Why is it called a nutmeg? Explaining the origin of some of football’s popular skill moves


The World Cup is the ultimate stage for the planet’s elite players to strut their stuff.

Over the years, millions have watched from the edge of their seats as Pele, Ronaldinho, Ronaldo (Cristiano and Fenomeno) and Johan Cruyff have bamboozled and embarrassed their counterparts.

Fancy flicks and tricks are a staple of football at this level, although the ever-increasing introduction of new, flashier statistics and analytics has somewhat stifled attacking aesthetics.

That said, they do certainly still exist and The Athletic is on hand to explain the most popular skills — and some tactics — that you might have seen at the World Cup.

Why is it called a Nutmeg?

This has been a really popular one at the World Cup.

Luis Suarez and Aissa Laidouni showed perhaps the two best examples of nutmegs (against Inaki Williams and Edouardo Camavinga respectively) in Qatar.

The Uruguayan striker has always been associated with the skill while Ronaldinho and Juan Roman Riquelme are two of the most iconic exponents from years gone by.

It’s a very simple skill. A player must simply kick the ball through an opponent’s legs to perform a nutmeg.

The origin of the term — also the name of a spice used in cooking — is unclear as there are several explanations.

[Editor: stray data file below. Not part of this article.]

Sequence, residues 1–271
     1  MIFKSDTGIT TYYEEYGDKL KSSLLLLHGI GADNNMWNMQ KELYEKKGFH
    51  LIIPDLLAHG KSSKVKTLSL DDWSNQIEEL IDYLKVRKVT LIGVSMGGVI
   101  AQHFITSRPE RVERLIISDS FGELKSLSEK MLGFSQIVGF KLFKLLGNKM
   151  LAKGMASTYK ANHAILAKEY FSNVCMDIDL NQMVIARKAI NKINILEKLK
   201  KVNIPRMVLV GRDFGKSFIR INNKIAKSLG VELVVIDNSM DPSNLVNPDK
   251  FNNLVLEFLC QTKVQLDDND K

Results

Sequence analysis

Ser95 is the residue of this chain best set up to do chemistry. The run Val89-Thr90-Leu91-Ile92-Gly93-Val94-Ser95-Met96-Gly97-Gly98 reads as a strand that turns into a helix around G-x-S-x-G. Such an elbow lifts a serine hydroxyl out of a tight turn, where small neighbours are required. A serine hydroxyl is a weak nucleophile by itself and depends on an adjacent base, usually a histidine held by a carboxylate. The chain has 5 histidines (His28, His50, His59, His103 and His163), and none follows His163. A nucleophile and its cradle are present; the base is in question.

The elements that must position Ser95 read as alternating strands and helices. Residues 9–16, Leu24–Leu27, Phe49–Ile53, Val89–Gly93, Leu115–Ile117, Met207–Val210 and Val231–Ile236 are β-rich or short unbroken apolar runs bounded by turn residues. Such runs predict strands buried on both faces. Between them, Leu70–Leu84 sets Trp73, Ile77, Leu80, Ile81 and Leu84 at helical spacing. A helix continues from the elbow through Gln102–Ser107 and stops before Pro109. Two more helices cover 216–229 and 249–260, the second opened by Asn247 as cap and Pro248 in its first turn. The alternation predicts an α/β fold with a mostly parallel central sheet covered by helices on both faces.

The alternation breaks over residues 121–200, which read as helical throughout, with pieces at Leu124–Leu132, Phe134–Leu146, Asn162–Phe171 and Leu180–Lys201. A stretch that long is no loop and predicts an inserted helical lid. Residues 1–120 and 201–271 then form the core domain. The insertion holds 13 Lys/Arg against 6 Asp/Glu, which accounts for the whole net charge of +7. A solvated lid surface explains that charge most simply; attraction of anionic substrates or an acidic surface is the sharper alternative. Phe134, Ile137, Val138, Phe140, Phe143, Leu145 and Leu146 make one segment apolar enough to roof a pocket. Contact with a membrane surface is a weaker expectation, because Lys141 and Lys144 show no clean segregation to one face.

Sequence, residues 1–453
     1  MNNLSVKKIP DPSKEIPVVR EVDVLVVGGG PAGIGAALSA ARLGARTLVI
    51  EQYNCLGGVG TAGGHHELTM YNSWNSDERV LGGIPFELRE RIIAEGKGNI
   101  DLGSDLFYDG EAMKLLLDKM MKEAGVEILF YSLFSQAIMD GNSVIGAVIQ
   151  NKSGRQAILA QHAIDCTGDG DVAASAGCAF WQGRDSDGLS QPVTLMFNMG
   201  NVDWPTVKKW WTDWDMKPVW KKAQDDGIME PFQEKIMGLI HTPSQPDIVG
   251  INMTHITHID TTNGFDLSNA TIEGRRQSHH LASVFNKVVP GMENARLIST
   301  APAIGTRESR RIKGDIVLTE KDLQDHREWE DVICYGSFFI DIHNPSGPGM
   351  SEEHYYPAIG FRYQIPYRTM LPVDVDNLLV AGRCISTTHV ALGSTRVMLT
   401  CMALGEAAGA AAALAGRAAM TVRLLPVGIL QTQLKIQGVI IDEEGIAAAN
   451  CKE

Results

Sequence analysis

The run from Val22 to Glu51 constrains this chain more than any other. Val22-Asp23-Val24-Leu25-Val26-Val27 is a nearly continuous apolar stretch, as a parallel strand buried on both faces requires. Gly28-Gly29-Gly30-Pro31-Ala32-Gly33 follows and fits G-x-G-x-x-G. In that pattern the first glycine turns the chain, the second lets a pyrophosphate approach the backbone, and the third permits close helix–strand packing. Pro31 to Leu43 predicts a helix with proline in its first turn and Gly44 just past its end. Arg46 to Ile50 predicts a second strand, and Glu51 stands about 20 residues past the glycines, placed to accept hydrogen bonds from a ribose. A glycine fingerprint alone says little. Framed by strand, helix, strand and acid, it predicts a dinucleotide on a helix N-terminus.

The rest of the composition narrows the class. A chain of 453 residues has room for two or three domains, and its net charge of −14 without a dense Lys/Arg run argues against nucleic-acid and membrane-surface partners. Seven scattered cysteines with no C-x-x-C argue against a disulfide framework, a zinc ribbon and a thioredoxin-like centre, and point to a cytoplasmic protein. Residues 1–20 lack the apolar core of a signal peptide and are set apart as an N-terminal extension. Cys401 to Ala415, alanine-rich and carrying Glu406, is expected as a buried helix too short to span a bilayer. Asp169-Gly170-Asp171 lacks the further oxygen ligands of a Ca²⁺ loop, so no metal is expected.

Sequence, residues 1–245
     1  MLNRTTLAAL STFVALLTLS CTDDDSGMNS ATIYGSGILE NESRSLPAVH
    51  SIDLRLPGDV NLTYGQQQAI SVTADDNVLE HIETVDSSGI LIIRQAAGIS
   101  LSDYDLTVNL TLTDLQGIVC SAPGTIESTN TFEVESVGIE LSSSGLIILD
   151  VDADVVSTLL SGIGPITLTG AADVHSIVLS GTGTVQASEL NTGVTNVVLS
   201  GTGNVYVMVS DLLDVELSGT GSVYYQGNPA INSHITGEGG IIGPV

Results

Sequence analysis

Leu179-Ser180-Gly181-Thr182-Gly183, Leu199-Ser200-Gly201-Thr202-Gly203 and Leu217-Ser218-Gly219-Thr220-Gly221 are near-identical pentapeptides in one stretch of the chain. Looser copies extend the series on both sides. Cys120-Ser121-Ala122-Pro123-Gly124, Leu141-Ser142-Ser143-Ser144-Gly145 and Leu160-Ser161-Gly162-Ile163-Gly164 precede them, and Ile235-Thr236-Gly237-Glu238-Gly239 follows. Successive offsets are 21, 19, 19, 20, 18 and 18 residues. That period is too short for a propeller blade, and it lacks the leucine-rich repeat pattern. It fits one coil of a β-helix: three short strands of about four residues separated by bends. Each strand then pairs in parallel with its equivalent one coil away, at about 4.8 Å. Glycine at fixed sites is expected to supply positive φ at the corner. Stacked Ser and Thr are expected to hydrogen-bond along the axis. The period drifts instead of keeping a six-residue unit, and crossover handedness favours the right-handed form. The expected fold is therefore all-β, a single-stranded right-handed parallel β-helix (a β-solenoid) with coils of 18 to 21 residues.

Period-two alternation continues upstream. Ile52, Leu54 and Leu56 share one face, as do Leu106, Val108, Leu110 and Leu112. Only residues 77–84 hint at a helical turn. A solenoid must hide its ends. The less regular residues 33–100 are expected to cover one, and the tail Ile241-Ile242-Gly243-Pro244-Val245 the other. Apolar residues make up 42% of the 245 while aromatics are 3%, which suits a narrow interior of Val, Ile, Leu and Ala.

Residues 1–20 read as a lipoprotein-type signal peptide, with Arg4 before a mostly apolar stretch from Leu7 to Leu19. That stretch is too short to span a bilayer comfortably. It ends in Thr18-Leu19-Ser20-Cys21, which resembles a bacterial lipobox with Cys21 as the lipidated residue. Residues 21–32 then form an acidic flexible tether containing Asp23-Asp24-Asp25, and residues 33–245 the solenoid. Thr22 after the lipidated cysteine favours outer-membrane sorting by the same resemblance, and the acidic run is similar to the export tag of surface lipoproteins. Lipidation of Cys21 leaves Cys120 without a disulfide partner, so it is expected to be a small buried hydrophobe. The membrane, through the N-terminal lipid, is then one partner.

One of the claims was that it comes from Cockney rhyming slang with the ball going through the opponents nutmegs (legs).

But, writing in the book ‘Football Talk – The Language And Folklore Of The World’s Greatest Game’, Peter Seddon explains that its origin relates to the exportation of nutmeg between North America and England in the 1800s.

“Nutmegs were such a valuable commodity that unscrupulous exporters were to pull a fast one by mixing a helping of wooden replicas into the sacks being shipped to England,” Seddon wrote.

“Being nutmegged soon came to imply stupidity on the part of the duped victim and cleverness on the part of the trickster.”


A lesser-seen phenomenon at the World Cup.

On most occasions, a Rabona is used more for flair and aesthetics than actual efficacy.

To perform a Rabona, a player must kick the ball with their kicking leg crossed behind the back of their standing leg.

As Erik Lamela has showcased excellently above, it is often used when a player is uncomfortable using their weaker foot and would rather use the foot they feel more confident using.